White House & HHS Secretary statements
First, consider the White House statement that the president “decided to withdraw the rebate rule” and reporting about a meeting in which the president “decided to kill the rule.” Whether the president has the authority to make policy decisions that Congress has vested in agency heads is a controversial topic among legal scholars. Setting that aside, the White House often communicates agency decisions, and by doing so it amplifies the message. While it would not comport with the law to have White House statements stand in for a proposed rule, for example, they might suffice for a withdrawal, which is primarily a tool to communicate the government’s plans.
Second, the statement from the HHS Secretary is a clear and valid statement of withdrawal. Here, the relevant agency communicates its position through a statement of the head of that agency. The statement included the policy rationale for the withdrawal (i.e., concern about premium costs for seniors) that signaled a final, not a short-term, decision.
Statements, both from the Secretary and the White House, walked back the proposed rule after facing stiff headwinds from inside and outside of the administration. The public statements about withdrawing the rule quashed the controversy, most likely because stakeholders understood that HHS would have to re-propose to move forward with the rule. (The withdrawal was covered extensively in the press. E.g., Angelica La Vito, White House drops proposal to eliminate drug rebates. Health stocks soar., CNBC (July 11, 2019) https://www.cnbc.com/2019/07/11/white-house-pulls-proposal-to-eliminate-drug-rebates-politico.html.) It would be a sleight of hand if the administration claims now to have used the word “withdraw” to mean that it was merely pausing the rule. As Dan Bosch notes in his report on this issue, that would also seem to be an unprecedented posture for an agency to take, and it could do some damage:
If HHS proceeds to a final rule in this case, it would set a troubling precedent that could destabilize the regulatory process. Future administrations may use this rule to justify similar maneuvers for political benefit. Imagine a future administration proposing a controversial rule and accepting public comment, announcing it as withdrawn before an election to avoid negative political consequences, then quickly finalizing it soon after. The public and affected stakeholders would feel rightly deceived, and political accountability would have been subverted.Dan Bosch, Zombie Rebate Rule Could Create Troubling Precedent, AAF Insight (Aug. 25, 2020).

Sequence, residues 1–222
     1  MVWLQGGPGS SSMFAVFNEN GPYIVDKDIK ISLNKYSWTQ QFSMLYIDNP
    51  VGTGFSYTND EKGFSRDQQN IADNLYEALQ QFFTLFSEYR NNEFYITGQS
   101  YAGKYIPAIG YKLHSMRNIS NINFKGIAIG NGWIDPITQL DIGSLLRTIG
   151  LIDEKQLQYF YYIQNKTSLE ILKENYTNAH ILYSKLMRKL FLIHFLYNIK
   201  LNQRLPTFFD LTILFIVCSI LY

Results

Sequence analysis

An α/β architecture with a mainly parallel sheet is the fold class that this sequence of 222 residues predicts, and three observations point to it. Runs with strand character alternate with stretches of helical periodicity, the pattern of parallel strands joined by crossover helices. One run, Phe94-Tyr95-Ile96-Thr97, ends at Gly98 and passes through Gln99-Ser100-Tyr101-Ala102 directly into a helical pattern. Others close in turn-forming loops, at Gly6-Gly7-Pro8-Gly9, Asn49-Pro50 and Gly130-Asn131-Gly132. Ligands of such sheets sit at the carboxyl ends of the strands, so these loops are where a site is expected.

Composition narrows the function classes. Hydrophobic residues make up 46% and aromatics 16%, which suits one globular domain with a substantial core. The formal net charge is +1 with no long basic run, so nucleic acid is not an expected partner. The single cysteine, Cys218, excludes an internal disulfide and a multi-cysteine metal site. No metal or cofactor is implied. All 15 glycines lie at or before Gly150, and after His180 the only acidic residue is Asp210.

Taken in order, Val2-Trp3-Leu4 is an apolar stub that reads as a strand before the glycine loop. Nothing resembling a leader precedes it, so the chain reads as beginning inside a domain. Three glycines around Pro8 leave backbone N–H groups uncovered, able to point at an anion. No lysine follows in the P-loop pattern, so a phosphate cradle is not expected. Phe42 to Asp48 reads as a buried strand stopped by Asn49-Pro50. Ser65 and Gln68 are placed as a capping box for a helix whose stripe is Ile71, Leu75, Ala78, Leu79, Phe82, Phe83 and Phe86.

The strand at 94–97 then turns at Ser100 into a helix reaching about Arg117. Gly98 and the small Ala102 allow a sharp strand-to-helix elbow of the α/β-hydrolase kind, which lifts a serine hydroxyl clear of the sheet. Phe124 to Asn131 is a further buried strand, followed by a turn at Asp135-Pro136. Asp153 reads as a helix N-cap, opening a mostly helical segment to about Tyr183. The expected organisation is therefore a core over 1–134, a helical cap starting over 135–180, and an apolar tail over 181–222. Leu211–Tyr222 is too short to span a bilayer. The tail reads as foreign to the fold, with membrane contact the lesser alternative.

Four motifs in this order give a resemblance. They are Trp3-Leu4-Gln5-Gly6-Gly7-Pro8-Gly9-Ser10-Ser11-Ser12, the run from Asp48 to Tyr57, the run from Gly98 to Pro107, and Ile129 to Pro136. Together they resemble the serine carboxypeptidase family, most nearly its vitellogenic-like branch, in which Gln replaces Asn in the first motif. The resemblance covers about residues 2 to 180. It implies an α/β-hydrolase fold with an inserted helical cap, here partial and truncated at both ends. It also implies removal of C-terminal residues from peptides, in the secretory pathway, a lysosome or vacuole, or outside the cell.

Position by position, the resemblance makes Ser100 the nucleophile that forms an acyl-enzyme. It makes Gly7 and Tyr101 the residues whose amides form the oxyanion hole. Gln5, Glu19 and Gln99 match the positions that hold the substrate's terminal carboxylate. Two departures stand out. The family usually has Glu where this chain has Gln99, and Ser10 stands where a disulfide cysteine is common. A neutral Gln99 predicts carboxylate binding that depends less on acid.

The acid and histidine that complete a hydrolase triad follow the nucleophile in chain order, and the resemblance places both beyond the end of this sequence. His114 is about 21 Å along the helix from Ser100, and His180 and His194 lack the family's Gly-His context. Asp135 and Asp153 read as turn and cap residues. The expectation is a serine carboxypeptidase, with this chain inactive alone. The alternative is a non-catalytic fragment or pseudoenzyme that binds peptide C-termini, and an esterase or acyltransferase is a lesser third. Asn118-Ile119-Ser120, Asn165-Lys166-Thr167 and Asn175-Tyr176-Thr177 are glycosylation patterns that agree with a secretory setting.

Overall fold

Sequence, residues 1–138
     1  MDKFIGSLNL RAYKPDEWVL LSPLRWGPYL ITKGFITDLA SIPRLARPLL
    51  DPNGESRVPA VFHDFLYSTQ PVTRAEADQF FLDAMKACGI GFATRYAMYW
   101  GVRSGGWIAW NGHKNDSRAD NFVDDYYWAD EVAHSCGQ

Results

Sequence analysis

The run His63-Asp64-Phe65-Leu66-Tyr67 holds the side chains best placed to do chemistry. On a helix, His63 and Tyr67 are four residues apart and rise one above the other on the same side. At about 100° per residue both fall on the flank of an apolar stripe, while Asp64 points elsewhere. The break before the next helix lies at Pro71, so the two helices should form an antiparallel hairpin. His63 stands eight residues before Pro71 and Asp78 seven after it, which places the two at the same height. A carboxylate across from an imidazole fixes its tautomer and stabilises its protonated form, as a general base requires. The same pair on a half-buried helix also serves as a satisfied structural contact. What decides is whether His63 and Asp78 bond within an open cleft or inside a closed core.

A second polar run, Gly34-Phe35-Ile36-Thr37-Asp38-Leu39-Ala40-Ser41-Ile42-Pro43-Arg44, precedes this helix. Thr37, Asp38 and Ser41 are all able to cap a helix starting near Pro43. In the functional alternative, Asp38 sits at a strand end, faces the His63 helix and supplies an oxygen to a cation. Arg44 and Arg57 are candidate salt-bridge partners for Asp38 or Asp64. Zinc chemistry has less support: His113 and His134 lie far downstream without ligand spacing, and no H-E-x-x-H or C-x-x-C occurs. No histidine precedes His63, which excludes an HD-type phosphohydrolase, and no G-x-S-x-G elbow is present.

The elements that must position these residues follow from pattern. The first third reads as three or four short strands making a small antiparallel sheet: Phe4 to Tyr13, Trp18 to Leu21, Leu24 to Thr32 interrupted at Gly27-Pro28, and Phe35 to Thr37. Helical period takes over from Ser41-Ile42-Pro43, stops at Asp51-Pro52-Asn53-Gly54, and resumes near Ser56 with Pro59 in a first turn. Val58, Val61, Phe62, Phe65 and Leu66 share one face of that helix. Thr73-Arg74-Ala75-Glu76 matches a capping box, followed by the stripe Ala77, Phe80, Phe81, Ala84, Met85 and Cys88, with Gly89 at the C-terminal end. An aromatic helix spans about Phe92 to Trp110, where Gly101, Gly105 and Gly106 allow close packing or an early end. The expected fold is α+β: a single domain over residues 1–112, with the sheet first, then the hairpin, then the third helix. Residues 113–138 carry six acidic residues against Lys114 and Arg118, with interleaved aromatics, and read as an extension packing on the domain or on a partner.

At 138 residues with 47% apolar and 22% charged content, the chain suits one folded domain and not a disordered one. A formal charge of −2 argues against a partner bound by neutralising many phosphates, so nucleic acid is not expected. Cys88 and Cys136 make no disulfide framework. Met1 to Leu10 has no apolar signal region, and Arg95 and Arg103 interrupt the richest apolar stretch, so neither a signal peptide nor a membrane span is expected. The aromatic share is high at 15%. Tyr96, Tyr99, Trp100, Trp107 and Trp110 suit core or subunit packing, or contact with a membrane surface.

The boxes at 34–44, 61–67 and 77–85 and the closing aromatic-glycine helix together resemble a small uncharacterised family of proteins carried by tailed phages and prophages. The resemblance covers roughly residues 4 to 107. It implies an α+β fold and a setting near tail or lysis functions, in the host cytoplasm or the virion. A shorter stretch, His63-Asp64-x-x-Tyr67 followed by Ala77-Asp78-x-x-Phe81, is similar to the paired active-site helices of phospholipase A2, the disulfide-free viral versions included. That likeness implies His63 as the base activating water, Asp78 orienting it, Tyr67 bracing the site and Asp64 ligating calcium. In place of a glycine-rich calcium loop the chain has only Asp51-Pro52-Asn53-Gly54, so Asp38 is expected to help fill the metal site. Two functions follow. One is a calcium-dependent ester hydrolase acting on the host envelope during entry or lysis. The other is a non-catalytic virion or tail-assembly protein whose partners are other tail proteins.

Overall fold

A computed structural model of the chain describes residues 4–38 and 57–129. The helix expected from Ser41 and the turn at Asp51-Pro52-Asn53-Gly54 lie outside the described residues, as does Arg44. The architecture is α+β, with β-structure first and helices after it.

Unified Agenda entry
The unified regulatory agenda entry showing the proposed rule as “withdrawn” probably is not dispositive. On the one hand, guidance from the Office of Information and Regulatory Affairs (OIRA) indicates that withdrawing a rule’s entry from the unified agenda—the agency’s forward-looking 12-month plan for upcoming rules—is not equivalent to withdrawal of the proposed rule itself. Applying that logic here, listing the agenda entry as “withdrawn” does not qualify as a withdrawal of the proposed rule. On the other hand, this is an incredibly technical distinction that even experienced regulatory practitioners might not appreciate. OIRA guidance on this topic is not binding, and a judge could certainly disagree, perhaps finding that an agency should be held to all of its public statements about withdrawals.
Withdrawal from OMB review
John O’Brien, a former HHS Trump appointee, suggests that the White House and agency statements regarding a “withdrawal” merely removed the rule from OMB review. While it is true that withdrawing a proposed rule or final rule from OIRA review does not nullify a proposal, that does not seem to be what happened with the HHS drug rebate pricing rule. There is no record of the final rule being sent to OMB and then withdrawn from OMB’s consideration.
On balance, HHS probably withdrew the proposal
As this analysis shows, HHS did not complete the step—publication of a Federal Register notice—that is customarily understood to legally withdraw a proposed rule. HHS has used the Federal Register to withdraw other proposed rules over the last few years. In one example, the Office of the Inspector General explains the reason for issuing a notice “to avoid any confusion that could be caused by having this proposal in the public domain.” In that notice, HHS did not suggest that it was obliged to publish a notice in the Federal Register, but that it was choosing to do so for clarity about the administration’s plans for the rule. If that same reasoning was applied here, the public statements noted above, as well as the designation in the agenda, were public statements intended to clear up that same kind of confusion. Overall, that is probably enough to conclude that HHS withdrew the proposed rule.
If the next action we see from HHS is a final rule, we could see litigation on this incredibly weedy issue of agency procedure. But more than the weeds are at stake. When can the public rely on a statement from the head of an agency, or from the president? The agency benefitted from relaxed public expectations generated by its various statements about withdrawal. If it can move forward without consequence, that result is in tension with the goals of the APA as a whole. A close call should go towards enhancing, not undermining, the government’s credibility.